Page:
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Greek PM seeks "breathing space" as talks begin
ATHENS (Reuters) - Greece's Prime Minister Antonis Samaras started a European charm offensive on Wednesday with an appeal to Germans for more time to meet targets for deficit cuts, but may struggle to make his case in meetings this week with EU leaders.
"All we want is a bit of 'air to breathe' to get the economy running and to increase state income. More time does not automatically mean more money," Samaras told Germany's mass-market Bild newspaper, which often mocks Greece's dire finances.
"Let me be very explicit: we demand no additional money. We stand by our commitments and by fulfilling all our requirements. We have to crank up growth because that decreases the financial gaps," Samaras added in the interview, which ran hours before he begins talks in Athens with euro zone chief Jean-Claude Juncker.
Appointed in June after two tumultuous parliamentary elections, Samaras hopes to persuade Luxembourg premier Juncker that the debt-laden Greek nation has the will to ram through unpopular reforms and deserves more time to do it, without being cut off from European rescue loans.
With cash coffers running empty and renewed talk of a Greek euro zone exit without more aid, Samaras is under pressure to convince European leaders that Greece has finally mustered the political courage to make good on commitments in a bailout.
Juncker, the most influential European policymaker to visit Athens since the conservative-led government took power on June 20, is expected to tell Samaras bluntly that Greece must carry out promised cuts and that little room for leeway exists.
In response to Samaras's comments to Bild, the Dutch finance minister gave a taste of the skepticism among the euro zone's less-indebted northern states towards Greece: "If it concerns delaying reforms and budget cuts, then it is not a good idea," Jan Kees de Jager told reporters.
Such messages are likely to be hammered home again to the Greek leader when he travels to Berlin on Friday to meet German Chancellor Angela Merkel and to Paris a day later for talks with French President Francois Hollande.
Merkel has already said she and Samaras will not make any decisions during their talks, adding she would wait for a report from lenders on Greece's progress in meeting targets. That report is not expected until late September.
Shortly after being elected, Samaras's government promised he would tour Europe to seek two more years to hit targets under Greece's 130-billion euro bailout from the European Union and International Monetary Fund.
But faced with a lack of European appetite for cutting Greece more slack, the government has since toned down its rhetoric on the issue and now expects merely to broach the idea during talks this week rather than formally requesting it.
"We must first re-establish our relationship with European partners that has been seriously damaged," said a Greek government official, who declined to be identified. "This is most crucial. Talking about certain parameters then comes at a second stage."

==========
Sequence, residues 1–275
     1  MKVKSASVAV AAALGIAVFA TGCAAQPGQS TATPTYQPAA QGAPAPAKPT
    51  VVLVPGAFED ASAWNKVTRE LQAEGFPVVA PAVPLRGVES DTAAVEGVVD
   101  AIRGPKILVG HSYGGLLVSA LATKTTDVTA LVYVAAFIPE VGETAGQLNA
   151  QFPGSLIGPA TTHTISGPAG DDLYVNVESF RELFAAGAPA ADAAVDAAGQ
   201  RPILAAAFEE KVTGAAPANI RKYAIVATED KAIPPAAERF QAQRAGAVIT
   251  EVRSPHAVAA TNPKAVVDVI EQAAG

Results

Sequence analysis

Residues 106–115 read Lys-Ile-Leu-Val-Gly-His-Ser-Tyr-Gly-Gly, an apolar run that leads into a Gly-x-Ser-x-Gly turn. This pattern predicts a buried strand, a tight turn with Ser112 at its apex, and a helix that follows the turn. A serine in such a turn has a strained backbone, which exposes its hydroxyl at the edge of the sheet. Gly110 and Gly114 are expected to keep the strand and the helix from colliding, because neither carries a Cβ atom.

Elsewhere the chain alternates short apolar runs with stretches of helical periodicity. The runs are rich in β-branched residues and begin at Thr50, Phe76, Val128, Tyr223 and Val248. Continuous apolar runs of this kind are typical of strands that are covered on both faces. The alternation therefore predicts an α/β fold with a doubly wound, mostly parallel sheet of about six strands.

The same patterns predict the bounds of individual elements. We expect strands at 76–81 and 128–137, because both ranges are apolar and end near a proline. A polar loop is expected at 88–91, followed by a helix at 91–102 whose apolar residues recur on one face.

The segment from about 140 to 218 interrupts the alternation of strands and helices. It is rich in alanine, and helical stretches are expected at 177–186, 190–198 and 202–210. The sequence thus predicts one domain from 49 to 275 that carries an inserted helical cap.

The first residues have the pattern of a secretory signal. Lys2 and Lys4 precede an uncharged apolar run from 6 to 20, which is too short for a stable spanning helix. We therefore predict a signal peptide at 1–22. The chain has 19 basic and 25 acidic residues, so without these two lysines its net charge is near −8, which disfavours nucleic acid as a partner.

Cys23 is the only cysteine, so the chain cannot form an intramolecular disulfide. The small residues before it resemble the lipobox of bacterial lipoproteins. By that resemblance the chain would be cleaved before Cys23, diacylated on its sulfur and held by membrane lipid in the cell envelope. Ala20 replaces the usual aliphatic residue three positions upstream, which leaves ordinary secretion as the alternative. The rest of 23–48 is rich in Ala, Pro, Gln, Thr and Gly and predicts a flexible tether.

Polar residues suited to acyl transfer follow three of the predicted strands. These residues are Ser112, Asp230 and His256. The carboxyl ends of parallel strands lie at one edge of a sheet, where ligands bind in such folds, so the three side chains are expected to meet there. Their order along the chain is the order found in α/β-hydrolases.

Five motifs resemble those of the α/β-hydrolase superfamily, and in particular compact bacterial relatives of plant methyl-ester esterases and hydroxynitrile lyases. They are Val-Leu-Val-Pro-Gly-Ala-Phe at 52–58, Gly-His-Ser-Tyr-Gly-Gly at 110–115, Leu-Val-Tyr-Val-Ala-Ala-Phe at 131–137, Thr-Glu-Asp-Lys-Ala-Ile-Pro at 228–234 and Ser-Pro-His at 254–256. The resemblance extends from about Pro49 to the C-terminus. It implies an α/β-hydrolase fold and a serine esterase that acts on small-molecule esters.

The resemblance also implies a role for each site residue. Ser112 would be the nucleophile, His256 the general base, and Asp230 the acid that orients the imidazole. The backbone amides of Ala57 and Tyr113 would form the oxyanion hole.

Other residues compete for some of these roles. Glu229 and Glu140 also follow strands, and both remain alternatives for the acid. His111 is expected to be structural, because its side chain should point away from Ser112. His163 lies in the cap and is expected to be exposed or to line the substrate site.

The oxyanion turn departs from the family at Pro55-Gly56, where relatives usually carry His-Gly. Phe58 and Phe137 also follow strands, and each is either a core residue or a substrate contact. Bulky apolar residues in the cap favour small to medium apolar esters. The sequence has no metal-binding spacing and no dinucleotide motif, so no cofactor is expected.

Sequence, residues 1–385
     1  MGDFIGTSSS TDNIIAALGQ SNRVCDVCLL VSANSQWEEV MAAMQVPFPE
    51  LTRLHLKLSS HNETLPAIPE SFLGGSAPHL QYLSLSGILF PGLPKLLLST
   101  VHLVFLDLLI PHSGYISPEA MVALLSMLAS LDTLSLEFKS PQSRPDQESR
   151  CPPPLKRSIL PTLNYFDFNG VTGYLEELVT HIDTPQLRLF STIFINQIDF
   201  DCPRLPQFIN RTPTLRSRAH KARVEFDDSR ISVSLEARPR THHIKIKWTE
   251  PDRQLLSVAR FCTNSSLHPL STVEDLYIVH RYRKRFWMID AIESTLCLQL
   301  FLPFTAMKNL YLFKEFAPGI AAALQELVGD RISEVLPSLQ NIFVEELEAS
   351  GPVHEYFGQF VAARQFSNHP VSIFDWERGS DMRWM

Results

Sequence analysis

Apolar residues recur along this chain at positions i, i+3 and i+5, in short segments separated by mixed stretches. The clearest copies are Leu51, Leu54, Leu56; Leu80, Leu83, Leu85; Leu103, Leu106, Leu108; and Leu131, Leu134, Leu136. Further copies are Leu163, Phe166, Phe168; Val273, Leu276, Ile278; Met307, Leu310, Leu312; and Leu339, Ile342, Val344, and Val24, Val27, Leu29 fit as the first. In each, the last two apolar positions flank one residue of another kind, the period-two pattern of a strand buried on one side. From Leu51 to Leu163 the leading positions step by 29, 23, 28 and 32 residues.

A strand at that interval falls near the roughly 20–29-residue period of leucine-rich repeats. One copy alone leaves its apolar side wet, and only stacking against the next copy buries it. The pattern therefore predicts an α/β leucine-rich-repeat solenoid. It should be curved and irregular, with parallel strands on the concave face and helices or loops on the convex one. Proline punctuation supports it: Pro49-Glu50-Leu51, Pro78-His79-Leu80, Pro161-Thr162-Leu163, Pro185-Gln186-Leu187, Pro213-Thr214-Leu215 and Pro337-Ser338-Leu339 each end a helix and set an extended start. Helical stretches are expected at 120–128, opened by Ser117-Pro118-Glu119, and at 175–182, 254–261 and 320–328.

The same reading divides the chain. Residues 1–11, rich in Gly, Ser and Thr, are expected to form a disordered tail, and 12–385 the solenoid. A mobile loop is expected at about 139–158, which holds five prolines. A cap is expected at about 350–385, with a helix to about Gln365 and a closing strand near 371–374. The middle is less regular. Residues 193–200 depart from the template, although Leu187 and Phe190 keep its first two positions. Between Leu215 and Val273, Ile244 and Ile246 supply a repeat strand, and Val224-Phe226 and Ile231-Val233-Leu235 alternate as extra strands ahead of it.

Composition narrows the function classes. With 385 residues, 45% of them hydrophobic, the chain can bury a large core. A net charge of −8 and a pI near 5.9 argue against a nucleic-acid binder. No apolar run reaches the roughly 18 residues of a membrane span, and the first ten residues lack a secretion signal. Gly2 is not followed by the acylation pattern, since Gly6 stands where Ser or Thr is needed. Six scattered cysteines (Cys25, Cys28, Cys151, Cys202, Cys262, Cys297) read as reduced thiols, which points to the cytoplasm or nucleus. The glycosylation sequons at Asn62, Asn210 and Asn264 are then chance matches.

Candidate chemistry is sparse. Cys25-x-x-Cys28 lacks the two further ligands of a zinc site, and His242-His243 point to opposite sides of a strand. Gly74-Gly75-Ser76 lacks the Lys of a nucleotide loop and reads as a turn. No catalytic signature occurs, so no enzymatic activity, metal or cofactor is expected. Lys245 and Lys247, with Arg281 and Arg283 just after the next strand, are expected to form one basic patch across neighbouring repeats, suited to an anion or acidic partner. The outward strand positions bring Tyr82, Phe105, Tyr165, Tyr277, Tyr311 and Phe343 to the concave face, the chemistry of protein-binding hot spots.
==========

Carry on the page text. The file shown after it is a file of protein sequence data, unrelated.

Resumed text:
WRANGLING OVER CUTS
Key to restoring credibility will be Greece's attempt to push through 11.5 billion euros of cuts over the next two years as demanded under the bailout - which Samaras's administration has yet to fully piece together after weeks of wrangling.
Samaras and his allies have broadly agreed on the measures, but the government is struggling to nail down the final cuts amid howls of protest over plans to slash pensions and put civil servants in a so-called labor reserve before laying them off.
"We are trying to find the best possible mix and a fair distribution of pensions," a finance ministry official said.
The measures will be presented for approval to the "troika" of officials from the European Commission, European Central Bank and IMF due back in Athens early next month before a verdict in October on whether to keep money flowing to Greece.
After his election victory in June averted fears of an imminent Greek euro zone exit, Samaras won a positive initial reception from European governments, relieved that firebrand leftist leader Alexis Tsipras failed to assume power.
Tsipras's SYRIZA party, which campaigned on a pledge to abandon the terms of the bailout keeping Greece afloat, said Juncker had turned down a request to meet its young leader.
SYRIZA lawmaker Dimitris Papadimoulis called the snub "a massive institutional discourtesy and an insult".
"I have the feeling that the leaders of the European Union and the euro zone prefer to talk with those who agree with them, or those they consider convenient," he told Skai television. "Mr. Juncker needs to give an explanation, because from what I see, tomorrow he is free all morning."
Juncker's schedule includes a visit to the Acropolis Museum later on Wednesday, where Samaras hosts a dinner in his honor.
With power firmly in the hands of Samaras's pro-bailout coalition and SYRIZA relegated to the opposition, a Reuters poll last week showed a rising number of economists now believe Greece will remain in the euro zone.
But the country is hugely off track from targets under its bailout and EU officials expect a further debt restructuring will be likely - with the cost falling on the ECB and euro zone governments.
Greece blames the slippage on a deeper than expected recession that is now in its fifth year and which Athens has likened to America's Great Depression. Nearly one out of four Greeks are jobless, and thousands of businesses have shuttered since the sovereign debt crisis exploded in 2009.
(Additional reporting by Lefteris Papadimas in Athens, Andreas Rinke in Chisinau and Annika Breidthardt in Berlin; Editing by Peter Graff and Alastair Macdonald)
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